Monday, January 24, 2011

The language that bridges the chasm

Strangers - or are they?

It was the third time in a row I had been ignored by a stranger I greeted on my walk. She looked away before my smile had the chance to reach her eyes. Unfortunately, our lives are filled with fewer friends than strangers, whom it can be all too easy to pass by without acknowledging. Countless hours are spent investing ourselves in our companions, those for whom we reserve all of our love for. Yet how many hours are spent in the presence of those people we do not know, or care to know, in a lifetime? Time spent on the bus, in line at the teller, at the checkout, stumbling past pedestrians day after day, year after year, while we hang on so tightly to our supply of smiles!

I am not insisting that it is possible to be cheerful at all times. We all have times when we have surpassed our tolerance for people and there is nothing left to give. And then, there are those times in life where we are broken, empty or angry. I am a social person, but when I was enveloped in the grief of losing my father, I could not bear the thought of being around people. Yet right in my darkest time of isolation, I was still able communicate to many through singing. Those songs bridged the gap that my pain had formed between humankind and myself. Sometimes we cannot even love ourselves, much less others. Yet in those spaces in our journey when we feel even a little sympathy, is it not possible to be the one to reach out or at the very least, begin to receive kindness from the others brave enough to give it?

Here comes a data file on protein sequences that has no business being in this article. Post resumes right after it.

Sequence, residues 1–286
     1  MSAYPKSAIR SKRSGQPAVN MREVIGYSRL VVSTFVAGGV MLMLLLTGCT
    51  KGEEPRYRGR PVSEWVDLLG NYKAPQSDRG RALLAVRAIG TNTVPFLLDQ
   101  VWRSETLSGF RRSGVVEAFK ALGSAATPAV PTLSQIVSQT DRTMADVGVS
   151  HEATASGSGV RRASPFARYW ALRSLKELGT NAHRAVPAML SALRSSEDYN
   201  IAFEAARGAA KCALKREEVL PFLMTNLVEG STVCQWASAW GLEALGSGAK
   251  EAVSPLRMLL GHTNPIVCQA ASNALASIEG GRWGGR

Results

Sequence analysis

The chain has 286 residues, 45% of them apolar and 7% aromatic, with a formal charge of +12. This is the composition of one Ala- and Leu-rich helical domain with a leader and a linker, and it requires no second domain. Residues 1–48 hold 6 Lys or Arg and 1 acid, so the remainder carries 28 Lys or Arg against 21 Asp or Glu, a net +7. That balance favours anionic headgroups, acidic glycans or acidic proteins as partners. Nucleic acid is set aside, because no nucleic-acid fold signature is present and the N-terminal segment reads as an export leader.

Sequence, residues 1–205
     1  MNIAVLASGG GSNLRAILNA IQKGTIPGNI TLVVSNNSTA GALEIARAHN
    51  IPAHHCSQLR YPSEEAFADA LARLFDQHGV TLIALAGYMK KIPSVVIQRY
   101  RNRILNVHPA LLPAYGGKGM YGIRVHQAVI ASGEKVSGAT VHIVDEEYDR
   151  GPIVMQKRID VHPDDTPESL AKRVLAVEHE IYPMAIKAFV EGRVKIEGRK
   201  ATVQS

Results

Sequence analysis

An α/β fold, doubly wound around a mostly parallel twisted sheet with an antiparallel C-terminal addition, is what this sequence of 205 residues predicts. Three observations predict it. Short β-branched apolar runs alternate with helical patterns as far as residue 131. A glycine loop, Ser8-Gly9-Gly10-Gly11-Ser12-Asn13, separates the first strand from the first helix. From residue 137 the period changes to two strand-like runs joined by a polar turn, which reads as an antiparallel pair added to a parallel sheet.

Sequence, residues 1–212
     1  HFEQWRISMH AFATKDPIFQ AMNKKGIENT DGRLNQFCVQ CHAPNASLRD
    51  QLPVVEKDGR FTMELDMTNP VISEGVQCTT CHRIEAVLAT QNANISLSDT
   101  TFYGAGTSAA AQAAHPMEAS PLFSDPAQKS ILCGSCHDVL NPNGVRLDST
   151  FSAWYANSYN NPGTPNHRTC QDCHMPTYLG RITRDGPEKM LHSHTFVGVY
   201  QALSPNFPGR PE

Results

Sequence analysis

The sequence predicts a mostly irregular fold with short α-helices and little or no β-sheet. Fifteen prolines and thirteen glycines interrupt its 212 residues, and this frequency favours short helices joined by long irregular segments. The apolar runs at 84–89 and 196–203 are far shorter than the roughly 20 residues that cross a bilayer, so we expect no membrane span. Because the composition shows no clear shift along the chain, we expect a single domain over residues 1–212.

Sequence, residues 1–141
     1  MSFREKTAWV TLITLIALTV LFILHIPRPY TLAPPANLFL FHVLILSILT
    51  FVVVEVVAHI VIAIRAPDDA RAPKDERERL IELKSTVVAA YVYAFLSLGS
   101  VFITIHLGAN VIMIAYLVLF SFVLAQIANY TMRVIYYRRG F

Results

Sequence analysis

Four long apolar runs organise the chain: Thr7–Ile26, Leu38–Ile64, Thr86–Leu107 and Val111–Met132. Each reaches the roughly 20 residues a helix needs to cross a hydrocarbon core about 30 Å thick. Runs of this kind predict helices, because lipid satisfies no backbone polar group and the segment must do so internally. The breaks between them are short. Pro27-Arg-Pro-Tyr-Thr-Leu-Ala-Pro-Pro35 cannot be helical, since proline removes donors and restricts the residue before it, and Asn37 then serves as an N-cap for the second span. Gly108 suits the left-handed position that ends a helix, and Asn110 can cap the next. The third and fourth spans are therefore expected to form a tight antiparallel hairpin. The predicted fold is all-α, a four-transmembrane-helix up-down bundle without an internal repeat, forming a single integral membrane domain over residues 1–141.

Why must we bind up our hearts so tightly? Why is it that unless we know and like a person, we do not give even the tiniest piece of the vast store of love that lies within us? Each of us wants to be known. But is knowing a prerequisite for loving? I am discovering how sacred even ten seconds with a stranger can be. I ponder what would change if we determined in our hearts that we will love each human being we encounter, from our server to our mail carrier? What if there was a true, open, embracing of each person, no matter how good looking, influential, respectable or kind? A pure fondness that begins in our hearts, seeps through our eyes and is sometimes revealed by words. Music has enabled me to love thousands upon thousands of strangers. I have been able to share my deepest pain, my greatest joys, and the reason for my hope. There has been no greater privilege. I have learned that many people feel like they know me because of the communication that has miraculously occurred through the medium of music. It has the power to bring strangers together and feel like they have known one another for a lifetime.

-Written November 2006

No comments:

Post a Comment